The Scripps Research Institute (TSRI) undertakes research on the neurobiology of addiction with the aim of developing targeted treatments to support recovery. Our discoveries are often licensed to biotechnology or pharmaceutical firms for further development of a drug or treatment. Addiction investigators at TSRI conduct all phases of research, from basic science to early-phase clinical trials. For the latest information on clinical trials at TSRI, please visit the Pearson Center for Alcoholism and Addiction Research. For information on specific conditions, search for associations or organizations dedicated to the condition, for example the National Institute on Alcohol Abuse and Alcoholism.
While the exact definition of addiction varies, addiction is a condition in which an individual persists in the use of alcohol or another substance despite harmful effects on his/her health, work or relationships. Chronic, heavy use often results in tolerance, where more of the substance is needed to achieve the same effect, as well as withdrawal symptoms if use of the substance is cut back or stopped.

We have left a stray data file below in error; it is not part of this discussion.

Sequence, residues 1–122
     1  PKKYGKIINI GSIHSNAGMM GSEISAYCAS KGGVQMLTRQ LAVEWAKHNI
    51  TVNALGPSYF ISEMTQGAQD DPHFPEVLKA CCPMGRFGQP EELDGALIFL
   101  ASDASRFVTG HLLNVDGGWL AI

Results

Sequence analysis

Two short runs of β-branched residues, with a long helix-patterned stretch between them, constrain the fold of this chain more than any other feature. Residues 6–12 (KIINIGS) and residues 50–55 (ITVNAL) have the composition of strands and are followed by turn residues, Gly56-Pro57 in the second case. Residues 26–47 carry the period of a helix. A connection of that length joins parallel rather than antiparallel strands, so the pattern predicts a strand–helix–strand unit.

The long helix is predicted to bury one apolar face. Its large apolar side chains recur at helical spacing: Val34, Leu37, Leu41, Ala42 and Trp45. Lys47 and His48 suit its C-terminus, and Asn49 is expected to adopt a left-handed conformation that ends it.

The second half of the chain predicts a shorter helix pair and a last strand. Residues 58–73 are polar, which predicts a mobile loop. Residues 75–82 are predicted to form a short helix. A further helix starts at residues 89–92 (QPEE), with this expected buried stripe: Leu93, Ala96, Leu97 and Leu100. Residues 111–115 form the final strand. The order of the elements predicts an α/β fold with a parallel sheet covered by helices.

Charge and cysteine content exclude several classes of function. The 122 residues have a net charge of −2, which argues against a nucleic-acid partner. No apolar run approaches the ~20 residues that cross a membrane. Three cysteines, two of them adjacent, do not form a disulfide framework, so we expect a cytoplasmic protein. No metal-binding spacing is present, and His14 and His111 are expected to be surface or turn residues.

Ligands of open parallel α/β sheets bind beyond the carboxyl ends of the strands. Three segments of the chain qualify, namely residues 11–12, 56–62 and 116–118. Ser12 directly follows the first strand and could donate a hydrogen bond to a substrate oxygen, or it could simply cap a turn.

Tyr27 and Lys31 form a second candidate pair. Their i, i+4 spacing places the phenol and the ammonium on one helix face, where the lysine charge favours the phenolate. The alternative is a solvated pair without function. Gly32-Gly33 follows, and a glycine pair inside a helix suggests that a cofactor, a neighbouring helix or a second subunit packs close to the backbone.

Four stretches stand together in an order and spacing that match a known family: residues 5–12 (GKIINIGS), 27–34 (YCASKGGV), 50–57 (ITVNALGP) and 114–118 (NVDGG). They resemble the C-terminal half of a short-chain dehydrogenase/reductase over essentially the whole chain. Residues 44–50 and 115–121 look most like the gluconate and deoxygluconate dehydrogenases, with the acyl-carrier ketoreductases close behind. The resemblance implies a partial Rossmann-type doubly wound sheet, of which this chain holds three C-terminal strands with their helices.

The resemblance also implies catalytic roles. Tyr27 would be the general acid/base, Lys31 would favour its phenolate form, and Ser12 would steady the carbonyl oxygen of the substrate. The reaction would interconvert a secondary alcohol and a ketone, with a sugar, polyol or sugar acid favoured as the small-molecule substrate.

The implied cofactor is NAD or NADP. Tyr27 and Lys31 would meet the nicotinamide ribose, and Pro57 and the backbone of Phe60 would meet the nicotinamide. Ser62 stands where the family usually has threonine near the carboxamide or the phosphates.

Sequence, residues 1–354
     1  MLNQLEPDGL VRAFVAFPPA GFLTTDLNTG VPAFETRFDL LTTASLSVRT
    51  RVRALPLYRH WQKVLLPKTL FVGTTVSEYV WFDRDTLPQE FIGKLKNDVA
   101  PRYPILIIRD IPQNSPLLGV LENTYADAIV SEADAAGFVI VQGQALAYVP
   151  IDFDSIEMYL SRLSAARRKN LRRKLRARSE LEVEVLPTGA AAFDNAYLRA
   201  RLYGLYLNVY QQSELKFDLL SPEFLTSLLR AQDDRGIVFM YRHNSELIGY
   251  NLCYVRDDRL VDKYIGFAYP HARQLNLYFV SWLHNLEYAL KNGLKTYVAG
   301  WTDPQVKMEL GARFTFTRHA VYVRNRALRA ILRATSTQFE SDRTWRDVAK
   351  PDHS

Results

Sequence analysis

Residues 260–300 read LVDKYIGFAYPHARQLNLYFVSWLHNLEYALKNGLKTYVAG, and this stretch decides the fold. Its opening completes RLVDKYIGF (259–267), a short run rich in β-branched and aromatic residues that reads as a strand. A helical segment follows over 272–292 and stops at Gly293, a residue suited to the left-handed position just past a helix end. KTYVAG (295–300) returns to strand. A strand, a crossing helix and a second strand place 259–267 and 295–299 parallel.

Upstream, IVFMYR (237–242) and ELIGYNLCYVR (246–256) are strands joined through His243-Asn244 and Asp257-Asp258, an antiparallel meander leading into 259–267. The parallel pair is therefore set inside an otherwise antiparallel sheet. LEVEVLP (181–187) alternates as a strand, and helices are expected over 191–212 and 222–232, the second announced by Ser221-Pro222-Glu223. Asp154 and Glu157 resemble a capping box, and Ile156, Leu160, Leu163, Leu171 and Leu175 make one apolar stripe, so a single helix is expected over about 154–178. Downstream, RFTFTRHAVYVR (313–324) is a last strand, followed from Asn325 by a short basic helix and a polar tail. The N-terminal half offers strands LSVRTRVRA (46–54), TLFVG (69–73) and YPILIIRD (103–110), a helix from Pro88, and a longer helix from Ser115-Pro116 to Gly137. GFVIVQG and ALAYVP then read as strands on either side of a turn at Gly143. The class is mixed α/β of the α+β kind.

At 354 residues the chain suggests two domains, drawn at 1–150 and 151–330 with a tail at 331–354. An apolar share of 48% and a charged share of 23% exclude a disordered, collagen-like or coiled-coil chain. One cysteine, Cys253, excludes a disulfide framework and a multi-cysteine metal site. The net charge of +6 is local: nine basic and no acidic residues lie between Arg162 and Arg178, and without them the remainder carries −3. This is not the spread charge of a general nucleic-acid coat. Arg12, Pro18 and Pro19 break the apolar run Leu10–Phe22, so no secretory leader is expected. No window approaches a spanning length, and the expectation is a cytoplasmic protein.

Almost everyone knows someone affected by addiction or substance abuse. Alcoholism and addiction are not just personal problems—they also affect families and communities. The National Institutes of Health (NIH) and the Centers for Disease Control (CDC) estimate that approximately 15 percent of Americans have a substance use disorder involving alcohol, nicotine or illicit drugs, resulting in a cost to the U.S. economy of $539 billion per year. Healthcare economists estimate that every dollar invested in addiction research or treatment yields a return of more than $12 in healthcare, work productivity and law enforcement savings.